United States District Court, S.D. New York
July 29, 2014
BENJAMIN SCHWARZ; CHRISTINA SCHWARZ; and DANIEL SCHWARZ, Plaintiffs,
THINKSTRATEGY CAPITAL MANAGEMENT LLC; CHETAN KAPUR, Defendants.
OPINION & ORDER
PAUL A. ENGELMAYER, District Judge.
This decision resolves a claim by plaintiffs that an asset that should have been available to them to collect on a judgment was fraudulently transferred to a third party.
Plaintiffs Benjamin, Christina, and Daniel Schwarz were investors in the ThinkStrategy Multistrategy Fund LP, a leveraged "fund of funds" run by ThinkStrategy Capital Management LLC ("ThinkStrategy") and its managing director, Chetan Kapur ("Kapur"). In this diversity action, plaintiffs brought New York state law claims of fraud, negligent misrepresentation, and breach of fiduciary duty against defendants ThinkStrategy and Kapur. On May 31, 2012, after a bench trial, the Court found for plaintiffs on all three claims and ordered defendants to pay damages, ultimately calculated at about $4.8 million. Dkt. 118, 132. That judgment has not been paid. Dkt. 151 ¶ 3.
Presently pending is a motion by which plaintiffs seek to obtain a portion of the money owed them. On November 21, 2013, plaintiffs filed a motion and supporting documents seeking to compel non-party Bina Rai ("Rai") to turn over to the Sheriff of New York County for sale a Porsche 911 automobile in partial satisfaction of the judgment in this action. Plaintiffs claimed that in 2010, before the judgment here, Kapur fraudulently conveyed the Porsche to Rai, so as to avoid paying a potential judgment against him. Dkt. 149-51. On January 29, 2014, after the Court received oppositions from Rai and Kapur and a reply from plaintiffs pursuant to a briefing schedule it had set, see Dkt. 152, the Court determined that resolution of the motion required the Court to make factual determinations. Accordingly, the Court scheduled an evidentiary hearing, at which Kapur and Rai were to testify. Dkt. 160.
The hearing was originally scheduled for February 25, 2014. Id. On February 5, 2014, Kapur's lawyer moved to withdraw. Dkt. 161. That day, the Court granted his motion and, to give Kapur time to obtain new counsel, rescheduled the hearing for April 1, 2014. Dkt. 162. Two days later, plaintiffs moved for an order compelling Kapur to testify about a separate topic: "a $2.1 million wire transfer he made to a Swiss bank in 2007." Dkt. 164. After the Court issued an order allowing plaintiffs to depose Kapur, Dkt. 165, plaintiffs clarified that they wished to examine Kapur on this issue at the evidentiary hearing. Dkt. 168. On February 18, 2014, the Court granted that request.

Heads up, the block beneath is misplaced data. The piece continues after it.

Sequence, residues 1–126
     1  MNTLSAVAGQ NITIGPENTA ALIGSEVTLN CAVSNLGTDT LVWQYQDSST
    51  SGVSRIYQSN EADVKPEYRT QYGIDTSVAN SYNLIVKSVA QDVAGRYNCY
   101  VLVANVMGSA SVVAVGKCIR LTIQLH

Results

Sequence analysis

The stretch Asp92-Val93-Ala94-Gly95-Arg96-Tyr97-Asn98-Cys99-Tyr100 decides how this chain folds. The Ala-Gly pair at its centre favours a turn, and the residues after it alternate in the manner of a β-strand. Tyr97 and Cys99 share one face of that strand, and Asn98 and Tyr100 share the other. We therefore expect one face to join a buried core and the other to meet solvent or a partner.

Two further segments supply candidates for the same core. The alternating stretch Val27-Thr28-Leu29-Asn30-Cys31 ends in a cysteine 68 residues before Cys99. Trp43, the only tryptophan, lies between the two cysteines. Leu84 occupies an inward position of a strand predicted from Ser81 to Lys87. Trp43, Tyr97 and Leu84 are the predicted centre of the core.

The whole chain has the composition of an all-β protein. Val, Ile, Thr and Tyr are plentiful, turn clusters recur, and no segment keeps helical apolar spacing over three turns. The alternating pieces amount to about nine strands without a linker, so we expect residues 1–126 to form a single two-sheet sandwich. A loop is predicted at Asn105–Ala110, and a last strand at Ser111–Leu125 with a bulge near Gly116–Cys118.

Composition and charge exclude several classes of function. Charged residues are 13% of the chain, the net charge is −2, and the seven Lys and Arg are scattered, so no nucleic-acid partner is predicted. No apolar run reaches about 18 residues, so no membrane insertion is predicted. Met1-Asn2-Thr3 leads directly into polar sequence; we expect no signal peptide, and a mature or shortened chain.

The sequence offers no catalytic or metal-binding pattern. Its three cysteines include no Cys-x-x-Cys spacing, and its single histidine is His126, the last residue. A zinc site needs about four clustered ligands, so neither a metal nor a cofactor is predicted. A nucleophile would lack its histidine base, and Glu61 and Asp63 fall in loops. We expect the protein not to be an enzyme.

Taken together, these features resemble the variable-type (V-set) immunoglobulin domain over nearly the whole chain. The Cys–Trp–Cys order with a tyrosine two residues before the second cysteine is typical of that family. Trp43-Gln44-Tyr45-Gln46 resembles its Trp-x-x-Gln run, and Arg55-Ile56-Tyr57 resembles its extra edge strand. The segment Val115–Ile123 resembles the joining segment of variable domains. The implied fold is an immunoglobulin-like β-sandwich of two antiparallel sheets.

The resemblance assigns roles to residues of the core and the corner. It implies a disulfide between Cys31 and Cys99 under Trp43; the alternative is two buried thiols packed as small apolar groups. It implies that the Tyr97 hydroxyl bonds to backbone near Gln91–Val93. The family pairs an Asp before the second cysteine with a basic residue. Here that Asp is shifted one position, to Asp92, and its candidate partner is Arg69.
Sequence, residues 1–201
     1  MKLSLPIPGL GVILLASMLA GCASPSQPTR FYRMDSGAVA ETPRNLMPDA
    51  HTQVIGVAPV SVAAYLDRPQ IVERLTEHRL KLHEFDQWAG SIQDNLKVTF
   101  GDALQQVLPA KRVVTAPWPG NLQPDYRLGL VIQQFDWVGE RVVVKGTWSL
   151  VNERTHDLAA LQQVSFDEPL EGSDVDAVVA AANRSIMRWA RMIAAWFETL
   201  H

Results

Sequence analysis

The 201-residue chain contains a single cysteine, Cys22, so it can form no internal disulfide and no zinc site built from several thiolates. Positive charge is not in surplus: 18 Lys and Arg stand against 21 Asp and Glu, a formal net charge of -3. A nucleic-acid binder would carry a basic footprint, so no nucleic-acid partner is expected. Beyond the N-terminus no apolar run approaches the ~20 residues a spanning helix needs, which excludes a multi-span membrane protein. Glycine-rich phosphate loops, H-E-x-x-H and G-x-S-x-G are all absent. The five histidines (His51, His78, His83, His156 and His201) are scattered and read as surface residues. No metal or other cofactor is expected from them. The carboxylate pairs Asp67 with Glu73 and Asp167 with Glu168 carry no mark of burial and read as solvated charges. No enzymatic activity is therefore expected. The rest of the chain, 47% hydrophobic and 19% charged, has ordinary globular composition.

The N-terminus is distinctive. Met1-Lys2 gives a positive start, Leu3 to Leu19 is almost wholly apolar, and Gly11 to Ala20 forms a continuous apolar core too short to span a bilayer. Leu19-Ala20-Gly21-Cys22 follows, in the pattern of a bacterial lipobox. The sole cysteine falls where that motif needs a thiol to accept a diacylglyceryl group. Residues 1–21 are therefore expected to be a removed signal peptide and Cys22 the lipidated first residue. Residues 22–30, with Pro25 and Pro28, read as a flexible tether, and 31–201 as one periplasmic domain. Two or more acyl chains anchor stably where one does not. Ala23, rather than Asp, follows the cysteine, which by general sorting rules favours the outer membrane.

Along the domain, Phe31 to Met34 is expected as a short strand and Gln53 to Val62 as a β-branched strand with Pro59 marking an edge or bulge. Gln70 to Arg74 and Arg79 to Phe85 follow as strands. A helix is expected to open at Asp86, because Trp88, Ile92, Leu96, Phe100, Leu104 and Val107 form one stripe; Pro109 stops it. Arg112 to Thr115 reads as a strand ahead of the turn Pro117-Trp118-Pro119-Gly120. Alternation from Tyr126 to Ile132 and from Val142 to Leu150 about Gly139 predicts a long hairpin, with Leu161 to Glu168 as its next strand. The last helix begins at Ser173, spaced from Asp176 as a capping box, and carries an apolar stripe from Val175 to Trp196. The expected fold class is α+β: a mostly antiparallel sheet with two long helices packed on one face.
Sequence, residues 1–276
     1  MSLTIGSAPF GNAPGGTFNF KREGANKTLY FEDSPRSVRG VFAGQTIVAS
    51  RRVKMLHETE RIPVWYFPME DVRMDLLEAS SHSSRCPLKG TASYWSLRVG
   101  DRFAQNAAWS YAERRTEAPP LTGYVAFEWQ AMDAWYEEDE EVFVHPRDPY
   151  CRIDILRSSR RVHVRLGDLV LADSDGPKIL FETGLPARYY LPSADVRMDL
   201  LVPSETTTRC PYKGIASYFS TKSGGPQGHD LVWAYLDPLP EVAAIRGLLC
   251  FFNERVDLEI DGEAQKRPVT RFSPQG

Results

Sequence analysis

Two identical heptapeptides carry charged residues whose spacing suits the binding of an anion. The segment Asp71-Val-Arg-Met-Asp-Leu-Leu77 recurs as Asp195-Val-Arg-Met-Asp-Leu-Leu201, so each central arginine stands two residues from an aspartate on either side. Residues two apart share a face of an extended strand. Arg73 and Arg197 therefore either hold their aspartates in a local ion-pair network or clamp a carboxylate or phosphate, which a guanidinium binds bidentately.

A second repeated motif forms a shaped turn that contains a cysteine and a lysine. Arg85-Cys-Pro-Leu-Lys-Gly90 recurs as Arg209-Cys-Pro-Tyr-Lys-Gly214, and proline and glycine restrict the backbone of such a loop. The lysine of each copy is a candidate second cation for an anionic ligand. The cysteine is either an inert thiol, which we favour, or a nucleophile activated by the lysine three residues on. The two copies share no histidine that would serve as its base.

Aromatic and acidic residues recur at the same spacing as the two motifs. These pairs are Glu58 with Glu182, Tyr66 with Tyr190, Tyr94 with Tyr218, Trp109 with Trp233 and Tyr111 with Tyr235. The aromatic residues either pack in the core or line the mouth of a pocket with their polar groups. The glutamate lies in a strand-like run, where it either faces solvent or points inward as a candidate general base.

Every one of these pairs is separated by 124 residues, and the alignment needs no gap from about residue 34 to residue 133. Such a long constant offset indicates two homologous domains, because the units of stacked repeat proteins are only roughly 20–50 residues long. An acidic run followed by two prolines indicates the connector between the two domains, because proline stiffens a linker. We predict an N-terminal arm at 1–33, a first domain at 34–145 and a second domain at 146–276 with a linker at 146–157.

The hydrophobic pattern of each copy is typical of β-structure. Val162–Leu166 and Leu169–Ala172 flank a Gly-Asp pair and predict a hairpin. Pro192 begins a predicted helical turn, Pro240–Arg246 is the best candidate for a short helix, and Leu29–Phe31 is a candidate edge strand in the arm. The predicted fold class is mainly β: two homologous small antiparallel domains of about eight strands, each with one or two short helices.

On March 11, 2014, at Rai's request, the Court put off the hearing until April 25, 2014, Dkt. 176; it was later rescheduled for April 30, 2014, Dkt. 179. On April 14, 2014, the Court received letters from Rai and Kapur. Rai, pro se, represented that she had earlier sold the Porsche; she asked that the hearing be cancelled as moot. Kapur joined in the request and noted that he had previously been asked about the Swiss wire transfer during his deposition. Dkt. 181. The Court denied these requests, because (1) as to Rai's point, the sale of the Porsche would not moot plaintiffs' motion, but instead would merely convert plaintiffs' motion into one seeking the proceeds of the sale if in fact the Porsche had been fraudulently conveyed to her; and (2) as to Kapur's claim that he recalled nothing further about the Swiss wire transfer, the hearing would test that proposition. Id.
Neither Kapur nor Rai appeared on April 30, 2014, see Dkt. 186; nor did they appear at the rescheduled hearing on May 12, 2014, see 5/12/14 minute entry; Dkt. 199. Later that day, plaintiffs moved for a restraining order on Rai's assets, up to the amount for which the Porsche had been sold. Dkt. 194. On June 9, 2014, the Court denied that motion, on the grounds that plaintiffs had not made out a prima facie showing that the Porsche had been fraudulently conveyed to Rai. Dkt. 198. The Court rescheduled the hearing for June 24, 2014, at 4 p.m., and directed plaintiffs to personally serve Kapur and Rai, both of whom are pro se. Plaintiffs' previous service on them had been by mail and by leaving service packages at their buildings, leaving uncertain whether each had, in fact, obtained notice of the hearing dates.
On June 23, 2014, plaintiffs successfully served Kapur, in person, at the offices of the U.S. Probation Department, at which he had a scheduled meeting arising out of his 2013 conviction, pursuant to a guilty plea, for failing to preserve books and records of an investment, in violation of 15 U.S.C. §§ 80b-4 & 80b-17, see United States v. Chetan Kapur, No. S112 Cr. 535 (JFK) (S.D.N.Y.); Dkt. 203; Dkt. 207 ("Tr.") at 7.
On June 24, 2014, Kapur appeared at the hearing, again appearing pro se. He testified, and was cross-examined, about his transfer of the Porsche to Rai in 2010; Kapur testified that the transfer was made to partially repay Rai for a $70, 000 loan she had made to him on November 29, 2000. Kapur also testified about a $2.1 million wire transfer that he had made to a Swiss bank in 2007. The Court also received documents bearing on these two subjects. The hearing resumed on July 9, 2014, and Kapur completed his testimony. Because Rai had yet to be personally served, the Court that day directed Kapur to advise Rai that the Court was awaiting her testimony, and scheduled that testimony for Monday, July 14, 2014. That day, Rai appeared, pro se, and testified on the subject of the Porsche. Consistent with Kapur's testimony, Rai testified that she had loaned Kapur $70, 000, with interest, in 2000, and that Kapur's transfer in 2010 to her of the Porsche was in partial repayment of that loan. Rai testified that she later sold the Porsche for $48, 000.